Preclosure Safety Analysis-Level of Information and Reliability Estimation; Availability of Final Interim Staff Guidance Document, 13534-13537 [07-1404]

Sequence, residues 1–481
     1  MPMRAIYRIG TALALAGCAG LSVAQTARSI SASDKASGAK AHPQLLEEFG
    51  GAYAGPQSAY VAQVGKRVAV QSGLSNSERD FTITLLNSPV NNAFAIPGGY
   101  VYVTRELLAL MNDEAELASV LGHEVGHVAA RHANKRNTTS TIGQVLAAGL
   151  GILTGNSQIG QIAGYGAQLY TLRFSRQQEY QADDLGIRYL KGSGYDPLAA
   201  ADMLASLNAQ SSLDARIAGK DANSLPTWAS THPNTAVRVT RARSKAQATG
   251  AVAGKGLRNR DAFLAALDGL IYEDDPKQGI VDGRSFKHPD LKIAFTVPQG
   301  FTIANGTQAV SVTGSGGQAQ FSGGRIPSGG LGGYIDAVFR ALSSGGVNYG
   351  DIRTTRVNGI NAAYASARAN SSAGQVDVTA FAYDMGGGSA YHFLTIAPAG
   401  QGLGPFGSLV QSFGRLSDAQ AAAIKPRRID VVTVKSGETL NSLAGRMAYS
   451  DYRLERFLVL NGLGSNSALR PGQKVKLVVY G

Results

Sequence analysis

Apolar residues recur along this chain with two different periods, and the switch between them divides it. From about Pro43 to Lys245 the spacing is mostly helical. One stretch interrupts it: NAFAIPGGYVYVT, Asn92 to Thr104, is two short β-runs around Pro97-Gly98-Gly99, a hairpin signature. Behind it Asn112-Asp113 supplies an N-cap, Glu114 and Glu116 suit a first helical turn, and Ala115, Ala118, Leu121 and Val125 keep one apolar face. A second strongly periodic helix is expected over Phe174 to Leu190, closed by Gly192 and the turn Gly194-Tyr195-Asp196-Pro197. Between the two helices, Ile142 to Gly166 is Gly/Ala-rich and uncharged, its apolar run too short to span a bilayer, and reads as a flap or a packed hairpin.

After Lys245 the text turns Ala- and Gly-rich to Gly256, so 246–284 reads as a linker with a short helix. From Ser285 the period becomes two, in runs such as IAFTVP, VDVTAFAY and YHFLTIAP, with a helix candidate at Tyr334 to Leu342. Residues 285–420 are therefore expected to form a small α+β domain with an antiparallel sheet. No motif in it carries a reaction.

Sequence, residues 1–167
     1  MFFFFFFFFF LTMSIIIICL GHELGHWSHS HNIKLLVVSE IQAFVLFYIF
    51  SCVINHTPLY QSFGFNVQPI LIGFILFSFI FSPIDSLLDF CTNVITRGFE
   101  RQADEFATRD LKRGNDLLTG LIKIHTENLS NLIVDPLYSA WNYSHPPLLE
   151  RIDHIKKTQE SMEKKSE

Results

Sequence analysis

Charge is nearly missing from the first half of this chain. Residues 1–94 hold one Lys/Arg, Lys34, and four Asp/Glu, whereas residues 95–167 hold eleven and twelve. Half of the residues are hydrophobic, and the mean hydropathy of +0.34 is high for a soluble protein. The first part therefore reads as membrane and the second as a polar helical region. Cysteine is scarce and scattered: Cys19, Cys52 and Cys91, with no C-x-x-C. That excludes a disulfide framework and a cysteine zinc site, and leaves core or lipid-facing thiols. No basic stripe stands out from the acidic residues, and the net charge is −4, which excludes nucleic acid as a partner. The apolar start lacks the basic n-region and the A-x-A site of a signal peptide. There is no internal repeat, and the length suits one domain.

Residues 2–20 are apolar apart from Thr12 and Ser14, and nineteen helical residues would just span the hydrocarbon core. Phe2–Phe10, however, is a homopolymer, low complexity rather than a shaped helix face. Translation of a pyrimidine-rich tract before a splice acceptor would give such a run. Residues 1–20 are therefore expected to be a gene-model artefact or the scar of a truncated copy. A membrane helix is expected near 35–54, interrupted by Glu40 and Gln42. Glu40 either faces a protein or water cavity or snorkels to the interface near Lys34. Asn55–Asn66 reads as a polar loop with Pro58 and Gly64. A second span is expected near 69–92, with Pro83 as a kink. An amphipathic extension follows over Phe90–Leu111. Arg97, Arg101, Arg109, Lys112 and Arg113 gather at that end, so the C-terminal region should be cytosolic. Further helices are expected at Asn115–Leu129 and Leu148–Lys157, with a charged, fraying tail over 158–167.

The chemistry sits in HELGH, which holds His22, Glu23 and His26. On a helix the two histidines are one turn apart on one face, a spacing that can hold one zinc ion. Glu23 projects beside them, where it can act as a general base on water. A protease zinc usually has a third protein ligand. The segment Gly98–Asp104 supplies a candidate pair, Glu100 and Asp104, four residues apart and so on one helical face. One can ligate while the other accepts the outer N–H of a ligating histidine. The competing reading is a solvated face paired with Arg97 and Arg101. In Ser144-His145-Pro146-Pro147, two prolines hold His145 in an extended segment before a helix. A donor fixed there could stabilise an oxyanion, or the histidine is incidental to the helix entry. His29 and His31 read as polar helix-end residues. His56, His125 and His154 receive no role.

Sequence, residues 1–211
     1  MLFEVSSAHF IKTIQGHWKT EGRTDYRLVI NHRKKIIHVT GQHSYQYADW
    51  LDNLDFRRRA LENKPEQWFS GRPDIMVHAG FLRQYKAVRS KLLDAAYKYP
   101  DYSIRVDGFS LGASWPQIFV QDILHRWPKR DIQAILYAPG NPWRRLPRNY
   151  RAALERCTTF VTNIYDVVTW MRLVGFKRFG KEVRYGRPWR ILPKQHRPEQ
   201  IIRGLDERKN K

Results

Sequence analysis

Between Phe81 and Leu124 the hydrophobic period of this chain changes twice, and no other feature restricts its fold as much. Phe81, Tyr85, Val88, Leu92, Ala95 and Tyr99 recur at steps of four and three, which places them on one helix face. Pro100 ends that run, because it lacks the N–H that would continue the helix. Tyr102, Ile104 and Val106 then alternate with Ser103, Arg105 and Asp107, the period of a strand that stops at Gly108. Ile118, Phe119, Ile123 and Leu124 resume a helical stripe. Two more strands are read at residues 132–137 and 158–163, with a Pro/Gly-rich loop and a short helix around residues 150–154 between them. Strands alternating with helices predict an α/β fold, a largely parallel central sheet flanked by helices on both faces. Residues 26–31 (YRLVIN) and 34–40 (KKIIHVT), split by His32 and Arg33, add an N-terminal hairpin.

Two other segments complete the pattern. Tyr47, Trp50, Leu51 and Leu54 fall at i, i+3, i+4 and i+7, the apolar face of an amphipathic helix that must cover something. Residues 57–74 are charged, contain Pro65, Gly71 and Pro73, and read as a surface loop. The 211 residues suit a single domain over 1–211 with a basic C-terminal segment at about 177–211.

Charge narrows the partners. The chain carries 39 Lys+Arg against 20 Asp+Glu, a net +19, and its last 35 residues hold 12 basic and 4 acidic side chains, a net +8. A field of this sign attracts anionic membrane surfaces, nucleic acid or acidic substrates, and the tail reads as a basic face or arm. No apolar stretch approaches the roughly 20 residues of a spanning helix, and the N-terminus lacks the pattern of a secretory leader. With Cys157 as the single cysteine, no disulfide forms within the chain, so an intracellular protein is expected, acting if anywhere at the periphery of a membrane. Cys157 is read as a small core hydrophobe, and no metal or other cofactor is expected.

Download as PDF 13534 Federal Register / Vol. 72, No. 55 / Thursday, March 22, 2007 / Notices that document the information that was reviewed and NRC’s conclusions. In accordance with 10 CFR 2.390 of the NRC’s ‘‘Rules of Practice,’’ details with respect to this action, including the SER, EIS, and accompanying ML070670140 ...................... ML061210203 ...................... ML061930264 ...................... ML061930275 ...................... ML061100260 ...................... documentation included in the early site permit package, are available electronically at the NRC’s Electronic Reading Room at http://www.nrc.gov/ reading-rm/adams.html. From this site, members of the public can access the Issuance of Early Site Permit for Exelon Generation Company, LLC (ESP–001). NUREG–1844—‘‘Safety Evaluation Report for an Early Site Permit (ESP) at the Exelon Generation Company, LLC (EGC) ESP Site’’. NUREG–1815 Vol 1—‘‘Environmental Impact Statement for an Early Site Permit (ESP) at the Exelon ESP Site’’ Main Report. NUREG–1815 Vol 2—‘‘Environmental Impact Statement for an Early Site Permit (ESP) at the Exelon ESP Site’’ Appendices A–K. Exelon Early Site Permit Application—Revision 4. Persons who do not have access to ADAMS or who encounter problems in accessing the documents located in ADAMS should contact the NRC Public Document Room (PDR) Reference staff at 1–800–397–4209, 301–415–4737, or by e-mail to pdr@nrc.gov. These documents may also be viewed electronically on the public computers located at the NRC’s Public Document Room (PDR), O 1 F21, One White Flint North, 11555 Rockville Pike, Rockville, MD 20852. The PDR reproduction contractor will copy documents for a fee. Dated at Rockville, Maryland, this 15th day of March, 2007. For the Nuclear Regulatory Commission. Stephanie M. Coffin, Chief, AP1000 Projects Branch, Division of New Reactor Licensing, Office of New Reactors. [FR Doc. E7–5247 Filed 3–21–07; 8:45 am] 0001, telephone: 301–415–3475, e-mail: bac2@nrc.gov. SUPPLEMENTARY INFORMATION: On page 11381, appearing near the bottom of the second column, the heading is corrected to read as above, and in the last line of the second column and the first line of the third column, ‘‘Florida Power and Light’’ is corrected to read ‘‘Florida Power Corporation.’’ Dated in Rockville, Maryland, this 16th day of March 2007. For the U.S. Nuclear Regulatory Commission. Stewart N. Bailey, Senior Project Manager, Plant Licensing Branch II–2, Division of Operating Reactor Licensing, Office of Nuclear Reactor Regulation. [FR Doc. E7–5249 Filed 3–21–07; 8:45 am] BILLING CODE 7590–01–P BILLING CODE 7590–01–P NUCLEAR REGULATORY COMMISSION NUCLEAR REGULATORY COMMISSION [HLWRS–ISG–02] Florida Power Corporation; Notice of Consideration of Issuance of Amendment to Facility Operating License, Proposed No Significant Hazards Consideration Determination, and Opportunity for a Hearing; Correction Nuclear Regulatory Commission. ACTION: Notice of Issuance; Correction. rwilkins on PROD1PC63 with NOTICES AGENCY: SUMMARY: This document corrects a notice published in the Federal Register on March 13, 2007 (72 FR 11381), which informs the public that the NRC is considering issuance of an amendment to Renewed Facility Operating License No. DPR–72. This action is necessary to correct the name of the licensee. FOR FURTHER INFORMATION CONTACT: Beverly A. Clayton, Office of Nuclear Reactor Regulation, Nuclear Regulatory Commission, Washington, DC 20555– VerDate Aug<31>2005 16:36 Mar 21, 2007 NRC’s Agencywide Document Access and Management System (ADAMS), which provides text and image files of NRC’s public documents. The ADAMS accession numbers for the documents related to this notice are: Jkt 211001 Preclosure Safety Analysis—Level of Information and Reliability Estimation; Availability of Final Interim Staff Guidance Document Nuclear Regulatory Commission. ACTION: Notice of availability. AGENCY: SUMMARY: The U.S. Nuclear Regulatory Commission (NRC) is announcing the availability of the final interim staff guidance (ISG) document HLWRS–ISG– 02, ‘‘Preclosure Safety Analysis—Level of Information and Reliability Estimation,’’ and NRC responses to the public comments received on that document. The ISG clarifies or refines the guidance provided in the Yucca Mountain Review Plan (YMRP) (NUREG–1804, Revision 2, July 2003). The YMRP provides guidance to NRC staff to evaluate a potential license application for a high-level radioactive waste at a geologic repository PO 00000 Frm 00067 Fmt 4703 Sfmt 4703 constructed or operated at Yucca Mountain (YM), Nevada. The document HLWRS– ISG–02 is available electronically at NRC’s Electronic Reading Room, at http://www.nrc.gov/reading-rm.html. From this site, a member of the public can access NRC’s Agencywide Documents Access and Management System (ADAMS), which provides text and image files of NRC’s public documents. The ADAMS accession number for ISG–02 is ML070260204. If an individual does not have access to ADAMS, or if there are problems in accessing the documents located in ADAMS, contact the NRC Public Document Room (PDR) Reference staff at 1–800–397–4209, or (301) 415–4737, or (by e-mail) at pdr@nrc.gov. This document may also be viewed electronically on the public computers located at NRC’s PDR, Mail Stop: O– 1F21, One White Flint North, 11555 Rockville Pike, Rockville, MD 20852. The PDR reproduction contractor will copy documents, for a fee. NRC Responses to Public Comments on HLWRS–ISG–02: In preparing final HLWRS–ISG–02, ‘‘Preclosure Safety Analysis—Level of Information and Reliability Estimation,’’ ADAMS ML070260204, the NRC staff reviewed and considered 23 comments, including two editorial comments, received from two organizations during the public comment period. Two of the comments were identical; three comments were related to the ISG process; one comment endorsed NRC’s recognition of the use of the published reliability values for structures, systems, and components (SSCs); and the remaining comments included recommendations on specific clarifying changes to the ISG. Three comments on the ISG process were consistent with the comments made earlier on HLWRS–ISG–01, and were addressed in responses to public comment on HLWRS–ISG–01 [see 71 FR 57582, Comments 13(a) and (b)]. ADDRESSES: E:\FR\FM\22MRN1.SGM 22MRN1 rwilkins on PROD1PC63 with NOTICES Federal Register / Vol. 72, No. 55 / Thursday, March 22, 2007 / Notices The following discussion indicates how the comments were addressed, and the changes, if any, made to ISG–02 as a result of the comments. Line numbers in the following comments refer to the draft HLWRS–ISG–02, ADAMS ML062360241, which was made available for public comment on September 29, 2006 (71 FR 57584). Comment 1. One commenter was concerned that the changes in the YMRP, recommended in ISG lines 59– 66, 222–224, and 271–273, appear to suggest that information regarding ‘‘design bases and design criteria’’ for non-important to safety (non-ITS) SSCs be similar to those for ITS SSCs. Since non-ITS SSCs have been determined not to be necessary to assure compliance with 10 CFR Part 63 preclosure performance objectives, the commenter states that subsection 63.21(c)(3) does not appear to support inclusion of information related to design bases and design criteria for non-ITS SSCs. The commenter recommends specific changes to ISG lines 62, 222, 239, 254, 258, 263, 266, and 272, to clarify its position. Response. NRC agrees that information required for non-ITS SSCs would be less than for ITS SSCs. Subsection 63.21(c)(3) requires a description and discussion of the design of the YM geologic repository operations area, that is sufficient to permit an evaluation of the preclosure safety analysis (PCSA). DOE will have to provide sufficient information to discuss how the proposed design would function. This also includes the general arrangements of SSCs, capacities of SSCs, and levels at which the SSCs are operated. Staff agrees with the commenter that 10 CRF Part 63 requires the design bases and design criteria for ITS SSCs, and not for non-ITS SSCs. ISG lines 62, 222, 254, and 272 have been revised to state that design bases and design criteria refer to SSCs that have been designated as ITS. ISG lines 239, 258, 263, and 266 have not been revised, because these lines refer to estimating the reliability of SSCs sufficient for performing the PCSA and identifying ITS SSCs, as per 63.112. Comment 2. The commenter stated that, in lines 57–259, it would be more appropriate to use ‘‘accept,’’ instead of ‘‘recognize,’’ because it is unclear. The same commenter also noted that lines 276–284 do not include an acceptance criterion element related to ‘‘acceptability of codes and standards,’’ as proposed in lines 258–259, and supplemented in lines 121–124. Response. NRC disagrees that the word ‘‘recognize’’ is unclear in the context of the sentence in lines 257– VerDate Aug<31>2005 16:11 Mar 21, 2007 Jkt 211001 259. Staff believes that the use of the word ‘‘accept’’ would be inappropriate here, because the codes and standards do not provide explicit reliability values requiring acceptance. Staff also disagrees with the commenter’s recommendation on the addition of a new acceptance criterion item (7), regarding the use of codes and standards to obtain a probability of unacceptable performance. Staff believes that, as stated in ISG lines 121–124, the application of the codes and standards, to the design and operation of an ITS SSC, is an accepted engineering practice, and is addressed as new item (2), of ‘‘Acceptance Criterion 2,’’ in ISG lines 276–277. No changes to the ISG were made as a result of this comment. Comment 3. The commenter states that the phrases ‘‘risk-significant’’ or ‘‘risk-significance’’ have a multiplicity of meanings. For example, in nuclear power plant probabilistic risk assessment applications, the terms refer to a metric of risk that is a function of both probability (or frequency) of occurrence, and consequences. However, in the context of Part 63, event sequence categorization is performed on the basis of probability, only. The consequences of interest (public and worker doses) are deterministic in nature. The commenter recommended that the terms ‘‘risksignificant’’ or ‘‘risk-significance’’ be avoided or defined specifically in the context of this ISG. Response. NRC agrees that use of the terms ‘‘risk-significant’’ or ‘‘risksignificance’’ in the ISG requires clarification where reference is to the consequences only and not to the ‘‘risk,’’ which includes both the probability and the consequences. Changes to lines 41 and 162 were made to either clarify or remove redundancy of the ‘‘risk’’ term. Specific changes to the ISG, suggested by the commenter on lines 210, 268, 289, 382, and 574, are not made, because these lines refer to the ‘‘risk’’ consistent with the traditional definition (U.S. Nuclear Regulatory Commission, White Paper on Risk-informed and Performance-based Regulation, SECY–98–144, June 22, 1998, as revised by the Staff Requirements Memorandum, March 1, 1998). The ISG has been revised as follows: Line 41: Change ‘‘risk-significant’’ to ‘‘significant.’’ Line 162: Delete ‘‘risk-significance or * * *’’ Comment 4. The commenter suggested that the lines 86 and 240 of the ISG be revised to state that ‘‘Explicit quantitative reliability estimates of PO 00000 Frm 00068 Fmt 4703 Sfmt 4703 13535 software failure modes during event sequences are beyond the state-of-the-art and are not expected for the PCSA. It is acceptable to use reliability estimates of digital control units, which would implicitly include hardware and software effects.’’ Response. NRC disagrees that revisions to lines 86 and 240 are needed. For SSCs where the reliability estimates include hardware and software effects, it is acceptable to use the reliability estimates, without explicit consideration of software failures. However, for SSCs where such data are not available, an estimate for reliability needs to include consideration of hardware and software failures. NRC believes that ISG lines 86 and 240 do not need to be revised because these statements allow the U.S. Department of Energy (DOE) the flexibility to consider hardware and software failures with appropriate technical bases. No changes to the ISG were made as a result of this comment. Comment 5. The commenter states that the sentence starting at line 89 be revised by replacing ‘‘event’’ with ‘‘event sequences.’’ Response. NRC agrees with the suggested change. ISG line 89 has been revised to change ‘‘events’’ to ‘‘event sequences.’’ Comment 6. The commenter recommends that a definition of the mean value of a probability distribution be included after line 90 of the ISG. Response. NRC disagrees that the mean value of a probability distribution needs to be defined in the ISG. The mean of a distribution is a clear and unambiguous statistical term. No changes to the ISG were made as a result of this comment. Comment 7. The commenter states that items 2 and 3, in lines 129–132 of the ISG, ‘‘* * * appear to contradict the indication that a quantitative reliability estimate is needed,’’ and recommends revising the ISG to clarify that quantitative reliability estimates are needed. Response. NRC disagrees that the changes recommended by the commenter are necessary. As stated in the ISG, items 1, 2, and 3 are given as examples of methods that may be used, in combination with a code and standard, to obtain quantitative reliability estimates, and do not contradict the need for the quantitative reliability estimates. No changes to the ISG were made as a result of this comment. Comment 8. The commenter states that the use of the term ‘‘procedure,’’ in ISG line 229, does not recognize that E:\FR\FM\22MRN1.SGM 22MRN1 rwilkins on PROD1PC63 with NOTICES 13536 Federal Register / Vol. 72, No. 55 / Thursday, March 22, 2007 / Notices many of the actions associated with repository operations, such as crane and trolley operations, will also be skillbased. The commenter recommends that the ISG line 229 be revised to clarify that the review will be of ‘‘procedures and activities,’’ related to the controls and the human interactions associated with each SSC. Response. NRC agrees with the commenter. ISG line 229 has been revised to add ‘‘and activities’’ after ‘‘procedures.’’ Comment 9. The commenter states that, in Appendix A of the ISG, the probability of dropping a heavy load is estimated with empirical data, then multiplied by the number of times that heavy loads are lifted, to arrive at a number that is characterized as the ‘‘expected number of drops.’’ The use of the word ‘‘expected’’ is misleading, because it implies expected value, which is often used as a synonym for the mean value. The product of these two point estimates cannot be construed as a mean or expected value of the number of drops, because the underlying probability distributions were not developed for them. The commenter recommends that the phrase ‘‘expected number of drops’’ in ISG line 451 should be changed to ‘‘point estimate number of drops.’’ Response. NRC disagrees with the change recommended by the commenter. However, the ISG has been revised to clarify the staff’s approach. Whereas the staff agrees that the use of the phrase ‘‘expected number of drops’’ may be misleading, the staff disagrees with the reason given in the comment. The ISG calculation uses a classical statistical approach. With this approach, the number of drops in L lifts has a binomial distribution which is typically approximated by a Poisson distribution. The expected value of the Poisson distribution is the product of the drop probability and the presumed number of lifts that may occur in the preclosure facility. Since the drop probability is estimated in this case, the expected number of drops is also estimated. The ISG has been revised to add the above approach after line 449. ISG line 451 has been revised to change ‘‘expected’’ to ‘‘estimated.’’ Also, ISG lines 432 and 489 have been similarly changed. Comment 10. Two commenters stated that scientific and technical precedent point to the use of the mean value of a frequency distribution as the appropriate metric for event sequence categorization. One commenter adds that, contrary to this, ISG lines 465–472 appear to point to the use of a fraction of a confidence interval, on which to VerDate Aug<31>2005 16:11 Mar 21, 2007 Jkt 211001 base a conclusion about categorization of an event sequence. The commenter recommends deleting the sentence, beginning on line 467, and changing lines 470–472 to read as, ‘‘The number of expected drops, in this example, would be the mean value of a joint probability distribution of both the conditional drop probability and the number of lifts.’’ Response. In Appendix A of ISG–02, empirical data were used to derive a point estimate for the probability of dropping a cask. To address uncertainty in this point estimate, staff chose a standard statistical approach of the confidence interval method, to determine the confidence level in categorization of the event sequence for the example. NRC does not agree that the sentence beginning on line 467 should be deleted, because it provides an example of a method to illustrate consideration of uncertainty. The 48-percent level of confidence is analogous to reporting the descriptive level of significance, which is often used in reporting the results of a test of a hypothesis. According to the ‘‘Statement of Considerations’’ for Part 63, November 2, 2001 (66 FR 55742), the approach in the rule is to provide DOE with the flexibility to select the type of analysis it believes most appropriate for the license application. Whatever approach DOE uses will need to be supported, taking into account uncertainties. Therefore, analyses relying on point values (e.g., best-estimate values) will need to discuss how uncertainties are taken into account. NRC agrees that DOE can use the mean value of an event sequence frequency distribution to categorize an event sequence. However, DOE should to consider the uncertainty in any mean value used to categorize event sequences. In particular, DOE should to provide the technical bases for developing the event sequence frequency distribution, including consideration of uncertainties in performance of individual SSCs, the choice of distribution type, and the values of the parameters. ISG lines 470–472 have been deleted, because these lines refer to the estimated conditional drop probability for a specific confidence level, which is not discussed in the ISG. Comment 11. The commenter states that ISG line 592 be revised to clarify that the design bases are associated with SSCs and not with an event sequence category, as stated in the ISG. Response. NRC agrees with the comment. PO 00000 Frm 00069 Fmt 4703 Sfmt 4703 ISG line 592 has been revised to read as follows: ‘‘Design bases (e.g., loadings on SSCs associated with Category 1 and Category 2 event sequences, such as a canister drop event); and * * *.’’ Comment 12. The commenter states that the definition of ‘‘S = C/D,’’ in line 617, appears to be inconsistent with the definition in Figure B–2 of the ISG. The commenter recommends that either the definition of ‘‘S,’’ in line 617, be revised, or that Figure B–2 be revised. Response. NRC disagrees with the commenter that definition of ‘‘S’’ in ISG line 617, and Figure B–2 are inconsistent. Figure B–2 is consistent with the commonly used definition of the limit state function in the form of S = C/D, as shown in line 617, where C and D are the capacity and demand, respectively. Staff, however, recognizes that Y-axis labeling in Figure B–2, and description of the ISG lines 680–681, may have resulted in an appearance of inconsistency. As stated in ISG line 676, Figure B–2 shows the cumulative distribution function of S, with the probability of failure defined as the probability that S is less than or equal to 1. The curve, shown in Figure B–2, is for the constant demand D = 497 mega pascals (MPa) [72 kips per square inch (ksi)]. Similar curves are derived for two other values of demand values, listed in Appendix B, using a lognormal distribution of the capacity, C, divided by a constant demand, D (see Ref. B.3), and are included in the revised Figure B–2 in the ISG. Probability of failure values for three different demand values, along with their corresponding ratios of American Society of Mechanical Engineers (ASME) code allowable stress to demand, are shown in Table B–3. The results show, as expected, that the probability of failure decreases as the demand decreases. The ISG has been revised as follows: • Figure B–2 has been revised to include plots for all three demand values shown in Table B–3, and the caption has been revised to include ‘‘for three demand values’’; • Label for the ordinate axis has been changed from ‘‘Probability of Failure (x 10¥5)’’ to ‘‘Cumulative Probability,’’ and is replotted in the log-scale; • Line 622: The phrase, ‘‘ * * * which is traditionally defined as the limit state function’’ is added at the end of the sentence. • Line 680: A new sentence, ‘‘Failure probabilities for various values of demand are shown in Figure B–2.’’ has been added; • Lines 680–681: sentence has been revised to ‘‘Failure probabilities for various values of ratios of ASME E:\FR\FM\22MRN1.SGM 22MRN1 rwilkins on PROD1PC63 with NOTICES Federal Register / Vol. 72, No. 55 / Thursday, March 22, 2007 / Notices allowable stress to these corresponding demand values are given in Table B–3.’’ Comment 13. The commenter stated that the paragraph beginning with line 156 of the ISG specifies that the NRC staff will verify that uncertainty is addressed in the PCSA. The commenter is concerned that this may be interpreted as requiring excessive conservatism in the analysis, and that such an approach would be the opposite of the intent of risk-informed regulation. The commenter recommends that text of the discussion on uncertainty be revised to explicitly recognize this intent. Response. NRC agrees that excessive conservatism should be avoided in considering uncertainty. DOE has the flexibility to choose the method to demonstrate that the performance objectives are met. For example, DOE could perform a bounding calculation. As stated in the ‘‘Statement of Considerations,’’ for Part 63, ‘‘* * * whatever approach DOE uses will need to be supported, taking into account uncertainties.’’ For example, if DOE is to portray its PCSA results as best estimates, this term will need to be defined because it has no statistical meaning (see ‘‘A Review of Staff Uses of Probabilistic Risk Assessment,’’ NUREG–1489, March 1994). Staff believes that the paragraph on uncertainty, beginning with ISG line 156, is sufficiently clear, and that no changes are required. No changes to the ISG were made as a result of this comment. Comment 14. The commenter stated that the screening criteria in ISG lines 127–128 presume a preclosure period of 100 years by specifying that the lower bound of Category 2 event sequence frequency is 10¥6 failures/yr. Instead, the staff should be consistent with Part 63 in referring to the lower bound of Category 2 event sequence frequency as the one chance in 10,000 during the period of operation. Response. NRC agrees with the comment. Unless there is a reason to state otherwise, the staff will refer to the terminology, used in Part 63, for Category 2 event sequence frequency as having at least one chance in 10,000 of occurring during the preclosure period. The quantitative frequency limit of a Category 2 event sequence is determined by the duration of the preclosure period. ISG line 127 has been revised to change ‘‘(e.g., ≤10¥6 failures/year)’’ to ‘‘(e.g., ≤ one chance in 10,000 of occurring during the preclosure period).’’ ISG line 128 has been revised to delete ‘‘(e.g., ≤10¥6 failures/year).’’ VerDate Aug<31>2005 16:11 Mar 21, 2007 Jkt 211001 Comment 15. The commenter stated that, in ISG line 136, the NRC staff recognizes various sources of reasonable input to the PCSA. It is important that such information does not have to be created under an NRC-licensed quality assurance program. The sources cited in the ISG [e.g., ‘‘Generic Data Base, developed by Savannah River Site,’’ and the Equipment Performance and Information Exchange (EPIX) System], for reliability input, are reasonable, based on actual operating data, and not skewed by conservatism. Even though applying conservatism is acceptable for safety analysis purposes (e.g., for analytical simplification or bounding uncertainties), doing so distorts the foundation of risk-informed regulation by implying higher risks than actually exist. Response. NRC agrees that DOE can use reliability information from published references. However, DOE must provide the technical basis to demonstrate that any reliability information is applicable to the proposed design of the GROA. No changes to the ISG were made as a result of this comment. Comment 16. The commenter stated that, in ISG lines 157–168, the staff should apply additional scrutiny or focus in its review, in cases where a reliability estimate is close to a Category 1 or 2 limit. The ISG should not be taken to imply that DOE is required to submit any additional analysis with its license application. The guidance should be clarified to explicitly recognize that it is incumbent on DOE to determine both if and when a reliability estimate is sufficiently close to a Category 1 or 2 limit to warrant additional consideration, in the license application, as well as the specific nature and extent of any such consideration in the application. Response. NRC has not specified criteria for determining when a sequence frequency is close enough to a category limit to warrant additional scrutiny. DOE is expected to provide NRC with enough information to demonstrate that sequences have been correctly categorized. No changes to the ISG were made as a result of this comment. Comment 17. The commenter stated that the demand in ISG lines 636–638 is a function of several parameters (e.g., modulus of elasticity, dimension, thermal expansion). The commenter adds that these parameters would affect the material capacity, not the demands placed on the material, and recommends that this sentence be revised by deleting the words ‘‘modulus PO 00000 Frm 00070 Fmt 4703 Sfmt 4703 13537 of elasticity, dimensions, thermal expansion.’’ Response. NRC agrees with the comment. Demand on an SSC because of an event, such as a drop or a natural event, would not depend on the modulus of elasticity, dimension, and thermal expansion. ISG lines 636–637 have been revised to delete ‘‘modulus of elasticity, dimensions, thermal expansion.’’ Comment 18. One commenter suggested the following editorial changes: Lines 587–588: Revise ‘‘* * * including major components of canister structure, internals’’ to read ‘‘* * * including major components of canister structure, and its internals’’; Line 622: Revise ‘‘function can developed’’ to read ‘‘function can be developed.’’ Response. NRC agrees with the comment. The ISG has been revised to reflect the suggested changes. In addition to the changes described above, the ISG has also been revised, as follows, for clarification: Line 91: The sentence ‘‘DOE should identify the key SSCs in an event sequence.’’ was deleted because ‘‘key’’ SSCs is not formally defined; a new sentence to replace the deleted sentence has been added; ˆ Line 446: The definition of λ (now p was reworded for clarity; Lines 445: Though 453: λ was changed to, to distinguish this quantity from λ, which often is used to indicate a rate in the Poisson distribution, and that the quantity is an estimate; Line 622: Clarifying words were added. FOR FURTHER INFORMATION CONTACT: Jon Chen, Project Manager, Division of High-Level Waste Repository Safety, Office of Nuclear Material Safety and Safeguards, U.S. Nuclear Regulatory Commission, Washington, DC 20555– 0001 [Telephone: (301) 415–5526; fax number: (301) 415–5399; e-mail: jcc2@nrc.gov]; Robert Johnson, Senior Project Manager, Division of High-Level Waste Repository Safety, Office of Nuclear Material Safety and Safeguards, U.S. Nuclear Regulatory Commission, Washington, DC 20555–0001 [Telephone: (301) 415–6900; fax number: (301) 415–5399; e-mail: rkj@nrc.gov]. Dated at Rockville, Maryland this 8th day of March, 2007. For the Nuclear Regulatory Commission., N. King Stablein, Chief, Project Management Branch B, Division of High-Level Waste Repository Safety, Office of Nuclear Material Safety and Safeguards. [FR Doc. 07–1404 Filed 3–21–07; 8:45 am] BILLING CODE 7590–01–P E:\FR\FM\22MRN1.SGM 22MRN1